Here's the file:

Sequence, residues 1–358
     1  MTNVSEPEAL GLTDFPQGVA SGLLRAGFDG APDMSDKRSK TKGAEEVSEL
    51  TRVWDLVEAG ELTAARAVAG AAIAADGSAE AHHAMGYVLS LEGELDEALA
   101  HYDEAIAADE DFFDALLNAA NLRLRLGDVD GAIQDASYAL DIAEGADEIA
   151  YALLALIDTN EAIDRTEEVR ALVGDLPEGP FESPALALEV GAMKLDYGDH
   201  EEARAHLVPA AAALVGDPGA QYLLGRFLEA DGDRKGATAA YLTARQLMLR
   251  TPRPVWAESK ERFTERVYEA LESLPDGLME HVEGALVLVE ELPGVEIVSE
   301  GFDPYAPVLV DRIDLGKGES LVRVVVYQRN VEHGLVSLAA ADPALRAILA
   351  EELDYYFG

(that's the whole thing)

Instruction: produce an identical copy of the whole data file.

Sequence, residues 1–358
     1  MTNVSEPEAL GLTDFPQGVA SGLLRAGFDG APDMSDKRSK TKGAEEVSEL
    51  TRVWDLVEAG ELTAARAVAG AAIAADGSAE AHHAMGYVLS LEGELDEALA
   101  HYDEAIAADE DFFDALLNAA NLRLRLGDVD GAIQDASYAL DIAEGADEIA
   151  YALLALIDTN EAIDRTEEVR ALVGDLPEGP FESPALALEV GAMKLDYGDH
   201  EEARAHLVPA AAALVGDPGA QYLLGRFLEA DGDRKGATAA YLTARQLMLR
   251  TPRPVWAESK ERFTERVYEA LESLPDGLME HVEGALVLVE ELPGVEIVSE
   301  GFDPYAPVLV DRIDLGKGES LVRVVVYQRN VEHGLVSLAA ADPALRAILA
   351  EELDYYFG